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Apr 19, 2024

Solar Benefits for Small Businesses

Businesses have much to gain from the incentives of the
Inflation Reduction Act. Subject to where solar projects are installed, the equipment used and the end Borrower, the payback period for some solar systems can be measured in months instead of years.

Incentives can be broken down into three primary categories: (1) Federal and state-level tax credits, (2) Federal, state or utility-based rebate programs, and (3) depreciation benefits.

Federal and state-level tax credits 

Federal and state-level tax credits were extended through the Inflation Reduction Act. Through 2033, businesses across the country can benefit from a 30% investment tax credit (ITC) for installing solar and storage systems on premises. Rather than the ITC, companies can also opt to utilize production tax credits (PTC) that generate potential benefit for the business based on the production of the system rather than the installed cost of the system as with the ITC. Due to the complexity of the PTC calculation, it is generally utilized to a lesser degree. However, the PTC can yield a higher return for project owners in many cases. The PTC can often provide greater potential in areas where construction costs are relatively low and the resource opportunity is high (i.e. where the sun shines a lot).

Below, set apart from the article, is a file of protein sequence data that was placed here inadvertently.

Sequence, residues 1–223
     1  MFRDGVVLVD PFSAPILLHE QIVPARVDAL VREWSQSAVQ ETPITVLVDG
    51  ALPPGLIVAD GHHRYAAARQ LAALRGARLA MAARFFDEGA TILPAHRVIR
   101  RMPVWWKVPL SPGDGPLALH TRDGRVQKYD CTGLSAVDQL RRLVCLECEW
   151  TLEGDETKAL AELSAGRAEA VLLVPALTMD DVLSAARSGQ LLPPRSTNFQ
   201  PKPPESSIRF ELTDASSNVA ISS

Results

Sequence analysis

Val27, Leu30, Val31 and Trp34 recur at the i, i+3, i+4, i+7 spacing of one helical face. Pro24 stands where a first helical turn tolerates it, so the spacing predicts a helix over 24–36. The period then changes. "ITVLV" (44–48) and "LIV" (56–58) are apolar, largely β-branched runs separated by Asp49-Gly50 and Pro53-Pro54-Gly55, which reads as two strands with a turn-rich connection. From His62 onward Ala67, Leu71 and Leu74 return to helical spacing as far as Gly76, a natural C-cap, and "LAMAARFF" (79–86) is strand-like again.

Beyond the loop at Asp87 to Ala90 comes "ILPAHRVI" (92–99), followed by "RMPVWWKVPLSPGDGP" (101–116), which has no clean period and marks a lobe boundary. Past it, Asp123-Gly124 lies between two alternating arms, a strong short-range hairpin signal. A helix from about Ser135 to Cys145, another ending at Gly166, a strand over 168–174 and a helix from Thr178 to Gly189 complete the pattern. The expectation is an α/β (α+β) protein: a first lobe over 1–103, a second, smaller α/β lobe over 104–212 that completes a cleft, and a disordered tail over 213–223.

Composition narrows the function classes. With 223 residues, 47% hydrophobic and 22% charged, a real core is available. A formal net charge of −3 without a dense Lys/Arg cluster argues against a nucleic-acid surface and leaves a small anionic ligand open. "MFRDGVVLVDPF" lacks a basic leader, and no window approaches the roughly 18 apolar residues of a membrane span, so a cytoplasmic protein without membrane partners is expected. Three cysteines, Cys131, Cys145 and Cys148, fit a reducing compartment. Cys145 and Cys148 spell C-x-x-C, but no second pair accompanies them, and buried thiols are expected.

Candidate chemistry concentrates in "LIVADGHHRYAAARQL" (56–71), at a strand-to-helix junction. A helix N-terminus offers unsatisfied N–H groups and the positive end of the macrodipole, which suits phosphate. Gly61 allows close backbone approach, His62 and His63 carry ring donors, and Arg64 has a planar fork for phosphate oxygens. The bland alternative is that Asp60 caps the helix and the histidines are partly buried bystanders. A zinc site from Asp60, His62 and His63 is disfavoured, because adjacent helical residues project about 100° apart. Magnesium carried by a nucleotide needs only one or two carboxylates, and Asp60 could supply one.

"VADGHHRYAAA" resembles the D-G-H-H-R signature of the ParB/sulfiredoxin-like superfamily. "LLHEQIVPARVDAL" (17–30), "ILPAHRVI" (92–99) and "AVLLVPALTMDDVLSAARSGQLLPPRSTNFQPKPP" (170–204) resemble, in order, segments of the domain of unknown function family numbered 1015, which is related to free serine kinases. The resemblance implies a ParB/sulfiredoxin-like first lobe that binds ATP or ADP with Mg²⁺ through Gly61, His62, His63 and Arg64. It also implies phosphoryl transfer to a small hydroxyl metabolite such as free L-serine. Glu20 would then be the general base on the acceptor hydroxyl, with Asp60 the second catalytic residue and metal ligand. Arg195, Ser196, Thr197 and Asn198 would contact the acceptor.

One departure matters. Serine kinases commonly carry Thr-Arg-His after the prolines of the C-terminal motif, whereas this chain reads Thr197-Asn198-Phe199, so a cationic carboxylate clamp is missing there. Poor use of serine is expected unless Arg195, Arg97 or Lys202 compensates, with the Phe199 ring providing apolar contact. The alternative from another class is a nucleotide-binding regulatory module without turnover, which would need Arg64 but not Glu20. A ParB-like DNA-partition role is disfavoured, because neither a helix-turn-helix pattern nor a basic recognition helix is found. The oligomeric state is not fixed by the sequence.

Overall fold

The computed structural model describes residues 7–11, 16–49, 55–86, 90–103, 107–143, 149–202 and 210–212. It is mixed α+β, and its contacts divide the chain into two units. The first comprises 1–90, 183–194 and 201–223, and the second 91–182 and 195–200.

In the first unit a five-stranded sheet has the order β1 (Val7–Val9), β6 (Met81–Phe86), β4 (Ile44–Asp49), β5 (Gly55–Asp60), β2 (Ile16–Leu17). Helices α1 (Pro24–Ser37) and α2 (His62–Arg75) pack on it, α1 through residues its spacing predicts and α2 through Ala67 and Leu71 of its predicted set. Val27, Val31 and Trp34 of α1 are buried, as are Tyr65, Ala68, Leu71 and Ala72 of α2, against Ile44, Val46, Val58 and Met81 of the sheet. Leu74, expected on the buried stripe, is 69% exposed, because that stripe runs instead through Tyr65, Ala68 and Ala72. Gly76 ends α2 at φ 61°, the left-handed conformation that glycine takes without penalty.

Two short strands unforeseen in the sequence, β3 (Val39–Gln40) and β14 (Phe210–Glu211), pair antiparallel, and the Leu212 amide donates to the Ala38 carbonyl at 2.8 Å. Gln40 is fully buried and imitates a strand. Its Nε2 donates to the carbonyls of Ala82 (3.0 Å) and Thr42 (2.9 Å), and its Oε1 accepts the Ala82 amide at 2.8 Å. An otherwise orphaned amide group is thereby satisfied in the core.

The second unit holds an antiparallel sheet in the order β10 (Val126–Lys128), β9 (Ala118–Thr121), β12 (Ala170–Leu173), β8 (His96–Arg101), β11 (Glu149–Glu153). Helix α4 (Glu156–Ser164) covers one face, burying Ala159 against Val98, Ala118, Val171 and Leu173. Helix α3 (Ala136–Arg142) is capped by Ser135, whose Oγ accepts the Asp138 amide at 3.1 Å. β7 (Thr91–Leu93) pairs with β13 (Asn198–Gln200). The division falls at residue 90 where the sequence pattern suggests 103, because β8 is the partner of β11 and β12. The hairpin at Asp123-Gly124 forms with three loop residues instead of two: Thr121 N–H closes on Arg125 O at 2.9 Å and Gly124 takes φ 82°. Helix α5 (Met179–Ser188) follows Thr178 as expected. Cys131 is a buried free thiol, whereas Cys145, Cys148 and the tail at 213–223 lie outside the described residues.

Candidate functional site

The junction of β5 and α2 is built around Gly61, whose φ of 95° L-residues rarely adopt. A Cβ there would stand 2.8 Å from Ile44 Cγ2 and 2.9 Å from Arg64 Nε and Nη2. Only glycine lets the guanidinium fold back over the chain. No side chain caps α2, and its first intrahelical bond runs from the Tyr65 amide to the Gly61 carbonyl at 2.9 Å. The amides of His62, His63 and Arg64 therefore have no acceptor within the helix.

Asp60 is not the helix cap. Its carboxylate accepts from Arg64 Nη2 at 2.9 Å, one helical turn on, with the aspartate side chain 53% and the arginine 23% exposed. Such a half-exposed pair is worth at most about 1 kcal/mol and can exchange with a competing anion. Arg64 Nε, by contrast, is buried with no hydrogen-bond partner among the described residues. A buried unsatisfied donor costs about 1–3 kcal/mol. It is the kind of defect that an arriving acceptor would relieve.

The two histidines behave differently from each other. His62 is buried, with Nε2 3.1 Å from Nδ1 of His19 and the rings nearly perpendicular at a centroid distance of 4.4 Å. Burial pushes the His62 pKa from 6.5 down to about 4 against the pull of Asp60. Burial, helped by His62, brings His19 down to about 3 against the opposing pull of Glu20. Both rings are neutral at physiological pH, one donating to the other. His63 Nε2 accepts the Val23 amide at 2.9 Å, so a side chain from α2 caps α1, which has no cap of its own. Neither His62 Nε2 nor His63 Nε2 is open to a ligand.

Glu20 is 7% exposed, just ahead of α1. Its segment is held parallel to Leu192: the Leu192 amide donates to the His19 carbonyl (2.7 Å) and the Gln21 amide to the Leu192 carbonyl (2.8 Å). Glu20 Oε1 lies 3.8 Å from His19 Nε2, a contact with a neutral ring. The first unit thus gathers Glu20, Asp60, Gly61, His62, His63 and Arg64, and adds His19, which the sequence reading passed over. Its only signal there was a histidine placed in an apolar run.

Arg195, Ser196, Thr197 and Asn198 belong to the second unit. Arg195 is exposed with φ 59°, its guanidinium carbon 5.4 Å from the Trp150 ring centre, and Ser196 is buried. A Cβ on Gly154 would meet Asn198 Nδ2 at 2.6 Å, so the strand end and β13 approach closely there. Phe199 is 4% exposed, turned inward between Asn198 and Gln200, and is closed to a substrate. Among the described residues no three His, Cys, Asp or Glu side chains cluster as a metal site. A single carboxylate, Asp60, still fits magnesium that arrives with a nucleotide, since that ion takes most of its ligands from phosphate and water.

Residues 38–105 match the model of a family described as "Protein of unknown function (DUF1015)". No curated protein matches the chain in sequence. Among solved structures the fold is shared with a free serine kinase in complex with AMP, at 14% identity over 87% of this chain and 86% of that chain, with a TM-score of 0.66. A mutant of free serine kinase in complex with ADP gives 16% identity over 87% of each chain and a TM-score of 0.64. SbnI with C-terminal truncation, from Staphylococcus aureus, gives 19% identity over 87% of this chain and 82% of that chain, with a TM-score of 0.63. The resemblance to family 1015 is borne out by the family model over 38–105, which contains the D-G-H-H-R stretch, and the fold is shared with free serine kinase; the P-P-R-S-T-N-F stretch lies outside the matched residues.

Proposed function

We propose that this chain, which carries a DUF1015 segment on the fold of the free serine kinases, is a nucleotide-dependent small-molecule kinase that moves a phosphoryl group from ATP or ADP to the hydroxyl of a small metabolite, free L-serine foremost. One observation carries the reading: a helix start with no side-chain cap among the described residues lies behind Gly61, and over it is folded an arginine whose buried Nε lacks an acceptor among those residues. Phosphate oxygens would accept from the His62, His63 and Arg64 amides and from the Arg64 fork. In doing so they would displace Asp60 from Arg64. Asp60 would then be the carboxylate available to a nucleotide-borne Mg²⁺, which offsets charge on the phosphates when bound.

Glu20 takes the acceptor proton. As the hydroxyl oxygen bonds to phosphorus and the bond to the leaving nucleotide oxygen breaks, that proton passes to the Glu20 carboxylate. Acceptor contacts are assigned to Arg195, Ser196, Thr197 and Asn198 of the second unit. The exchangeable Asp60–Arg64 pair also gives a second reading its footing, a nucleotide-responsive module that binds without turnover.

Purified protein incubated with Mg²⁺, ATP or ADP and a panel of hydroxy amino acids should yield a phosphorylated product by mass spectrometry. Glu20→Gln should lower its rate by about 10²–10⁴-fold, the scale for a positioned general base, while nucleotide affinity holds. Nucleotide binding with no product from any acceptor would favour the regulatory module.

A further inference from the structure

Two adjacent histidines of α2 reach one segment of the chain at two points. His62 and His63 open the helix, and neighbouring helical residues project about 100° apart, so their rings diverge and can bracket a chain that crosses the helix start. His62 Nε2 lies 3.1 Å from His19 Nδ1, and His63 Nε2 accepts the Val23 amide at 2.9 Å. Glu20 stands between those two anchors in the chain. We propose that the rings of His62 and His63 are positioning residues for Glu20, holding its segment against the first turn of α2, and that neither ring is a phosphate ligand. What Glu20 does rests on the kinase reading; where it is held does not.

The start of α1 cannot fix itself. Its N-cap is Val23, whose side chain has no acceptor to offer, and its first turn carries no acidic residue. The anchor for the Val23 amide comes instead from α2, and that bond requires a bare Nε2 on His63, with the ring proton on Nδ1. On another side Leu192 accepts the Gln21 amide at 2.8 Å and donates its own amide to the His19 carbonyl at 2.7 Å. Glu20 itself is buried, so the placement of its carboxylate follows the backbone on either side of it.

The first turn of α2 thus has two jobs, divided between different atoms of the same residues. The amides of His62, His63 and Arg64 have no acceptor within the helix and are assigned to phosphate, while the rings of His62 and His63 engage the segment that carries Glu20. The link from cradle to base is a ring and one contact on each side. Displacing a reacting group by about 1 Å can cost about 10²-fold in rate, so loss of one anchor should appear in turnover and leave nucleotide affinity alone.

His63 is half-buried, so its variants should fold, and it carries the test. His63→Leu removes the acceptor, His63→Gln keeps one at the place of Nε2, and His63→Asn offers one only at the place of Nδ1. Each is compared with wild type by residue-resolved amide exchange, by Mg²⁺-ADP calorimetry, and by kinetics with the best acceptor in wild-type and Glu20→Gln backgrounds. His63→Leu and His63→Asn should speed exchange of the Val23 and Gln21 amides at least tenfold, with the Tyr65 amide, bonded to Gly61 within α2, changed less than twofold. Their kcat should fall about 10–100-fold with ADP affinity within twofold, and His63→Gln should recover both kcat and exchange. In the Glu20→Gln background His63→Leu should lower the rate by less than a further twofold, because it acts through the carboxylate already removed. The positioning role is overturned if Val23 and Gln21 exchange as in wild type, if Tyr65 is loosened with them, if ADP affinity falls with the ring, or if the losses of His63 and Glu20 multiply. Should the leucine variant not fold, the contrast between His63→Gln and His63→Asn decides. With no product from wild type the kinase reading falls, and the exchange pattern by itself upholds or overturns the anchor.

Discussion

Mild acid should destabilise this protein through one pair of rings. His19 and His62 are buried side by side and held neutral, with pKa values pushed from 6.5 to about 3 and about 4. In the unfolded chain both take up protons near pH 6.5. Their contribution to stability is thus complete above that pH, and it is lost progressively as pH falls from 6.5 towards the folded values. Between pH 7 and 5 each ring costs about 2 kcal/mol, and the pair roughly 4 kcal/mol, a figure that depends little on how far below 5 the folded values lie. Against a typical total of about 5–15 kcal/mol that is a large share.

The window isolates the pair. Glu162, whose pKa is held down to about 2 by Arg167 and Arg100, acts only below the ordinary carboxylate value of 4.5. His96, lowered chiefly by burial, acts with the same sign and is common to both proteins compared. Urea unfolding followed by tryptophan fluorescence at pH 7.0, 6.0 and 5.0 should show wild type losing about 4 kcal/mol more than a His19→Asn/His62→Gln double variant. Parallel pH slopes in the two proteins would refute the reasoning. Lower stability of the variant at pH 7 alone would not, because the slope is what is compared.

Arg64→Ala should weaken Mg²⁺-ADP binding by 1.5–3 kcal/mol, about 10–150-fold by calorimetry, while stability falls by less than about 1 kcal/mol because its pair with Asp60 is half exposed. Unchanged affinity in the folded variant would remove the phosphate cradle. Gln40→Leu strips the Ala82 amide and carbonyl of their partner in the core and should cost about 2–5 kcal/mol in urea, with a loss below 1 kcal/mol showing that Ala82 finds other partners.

The IRA created a number of bonus credits to the ITC and PTC (outlined below) that provide additional incentives for renewable energy development within, for and from certain communities. Outlined below, bonus credits are typically additive:

  • In an effort to create value within the US manufacturing industry, the IRA added a 10% benefit for businesses if materials are made and sourced from within the United States. To meet the criteria of the Domestic Content Bonus, iron and steel products must be 100 percent made in America (meeting “melted and poured” standard for steel) and at least 40 percent of the total costs of all manufactured products and their components in land-based clean energy projects or facilities must be mined, produced, or manufactured in the US. To meet this criteria in full, manufacturing stakeholders must also meet guidelines for prevailing wages and registered apprenticeships. Though this benefit is significant, many major component and materials manufacturing companies produce materials overseas and have not yet met these requirements, which means the 10% Domestic Content Bonus is not yet widely available. 
  • Additional bonus tax credits exist for small-scale projects (< 5 MW) placed into production within low-income communities meeting certain criteria, known as the Low Income Communities Tax Credit. Low income residential buildings are eligible for an additional 20% tax credit while facilities located in a low-income community are eligible for an additional 10% tax credit. For businesses in these areas, a 10% bonus should be assumed.